At the request of the Supreme Judicial Court, the committee has also proposed for comment a new Rule 1.16A on file retention and disposition and related comments. The rule is not based on an ABA Model Rule, but similar rules have been adopted in some other jurisdictions. The court and the committee believe that lawyers and clients will benefit from clearer guidance on the rules relating to client files. Paragraph (b) of the proposed rule incorporates and updates provisions found in current Rule 1.16(e). The adoption of proposed Rule 1.16A and its related comments would be accompanied by the repeal of Rule 1.16(e) and Comment 10 to Rule 1.16.

The committee will make its final recommendation to the justices of the Supreme Judicial Court following review of comments received.

To read the full report, visit

Supreme Judicial Court announces new executive director to the Board of Bar Overseers

The Supreme Judicial Court has announced that the Massachusetts Board of Bar Overseers has named Gregory Wenger as its Executive Director, effective Feb. 6.

The Board of Bar Overseers was established by the Supreme Judicial Court in 1974 as an independent administrative body to investigate and evaluate complaints against lawyers. The twelve-member Board is comprised of volunteers appointed by the SJC to four-year terms. Eight of the members are lawyers; the other four are public members. The Board acts as an administrative tribunal to consider disciplinary charges brought by Bar Counsel. The BBO's Executive Director provides strategic planning and operational management for the board, as well as operational and administrative support for all BBO functions, including the Office of General Counsel, the Office of Bar Counsel, Attorney Registration, and the Clients' Security Board.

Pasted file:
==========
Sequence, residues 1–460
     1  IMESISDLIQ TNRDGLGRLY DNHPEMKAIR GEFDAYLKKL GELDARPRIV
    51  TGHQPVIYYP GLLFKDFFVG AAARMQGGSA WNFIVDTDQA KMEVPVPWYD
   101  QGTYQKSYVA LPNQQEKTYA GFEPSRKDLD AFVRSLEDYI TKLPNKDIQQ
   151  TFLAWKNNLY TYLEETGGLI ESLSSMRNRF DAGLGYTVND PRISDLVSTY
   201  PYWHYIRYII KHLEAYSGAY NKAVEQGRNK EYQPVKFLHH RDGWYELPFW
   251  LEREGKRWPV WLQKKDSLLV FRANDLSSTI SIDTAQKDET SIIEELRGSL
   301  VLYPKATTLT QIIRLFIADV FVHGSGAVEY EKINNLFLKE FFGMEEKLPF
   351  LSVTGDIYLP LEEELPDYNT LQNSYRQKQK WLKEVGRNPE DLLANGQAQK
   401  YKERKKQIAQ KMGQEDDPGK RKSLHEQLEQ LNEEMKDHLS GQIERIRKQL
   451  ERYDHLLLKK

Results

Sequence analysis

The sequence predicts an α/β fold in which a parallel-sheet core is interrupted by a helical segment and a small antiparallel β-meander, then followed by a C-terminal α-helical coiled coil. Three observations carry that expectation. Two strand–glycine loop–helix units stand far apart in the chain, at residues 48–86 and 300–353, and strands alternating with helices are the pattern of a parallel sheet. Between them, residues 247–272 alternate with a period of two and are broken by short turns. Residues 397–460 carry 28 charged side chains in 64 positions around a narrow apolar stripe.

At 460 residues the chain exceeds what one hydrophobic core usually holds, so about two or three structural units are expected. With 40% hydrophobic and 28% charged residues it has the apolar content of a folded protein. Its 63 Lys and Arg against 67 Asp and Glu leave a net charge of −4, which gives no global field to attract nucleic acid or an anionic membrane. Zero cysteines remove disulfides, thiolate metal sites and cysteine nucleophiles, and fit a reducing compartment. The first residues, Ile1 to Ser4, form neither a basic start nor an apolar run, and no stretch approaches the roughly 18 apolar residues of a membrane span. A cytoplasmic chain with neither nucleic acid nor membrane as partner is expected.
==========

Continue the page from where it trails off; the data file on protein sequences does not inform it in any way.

"We're pleased that the Board has filled this important position," said Supreme Judicial Court Justice Frank Gaziano, the Court's liaison to the Board. "We expect that Mr. Wegner's talents and experiences will be significant assets to the Board."

For the last fifteen years, Mr. Wegner has served as County Administrator for Hillsborough County, NH. He has led the strategic administrative planning and implementation of all activities of the Hillsborough County Board of Commissioners and the Office of Administration and Finance. In this role, Mr. Wegner has had significant experience in finance, human resources, IT, and facilities management.

Prior to that, he held positions in law firms both in his native New Hampshire and the Boston-area. Mr. Wegner is a graduate of Boston College and Suffolk University Law School, and clerked for the Honorable Martin Loughlin, United States District Court District of NH. He has been a member of the Massachusetts bar since 1985.

The activities of the board are governed by Supreme Judicial Court Rule 4:01 and the Rules of the Board of Bar Overseers. Although it is an official body subject to the supervision of the Supreme Judicial Court, no public funds are spent to support it. The board's revenues come solely from the annual registration fees paid by lawyers.

Board of Bar Overseers members:

Donna Jalbert Patalano, Chair

Vincent J. Pisegna, Vice Chair

Andrew Ferrara

Erin K. Higgins

Thomas A. Kenefick, III

Francis P. Keough

David B. Krieger, M.D.

John J. Morrissey

Regina Roman

David A. Rountree

Kevin P. Scanlon

Michael G. Tracy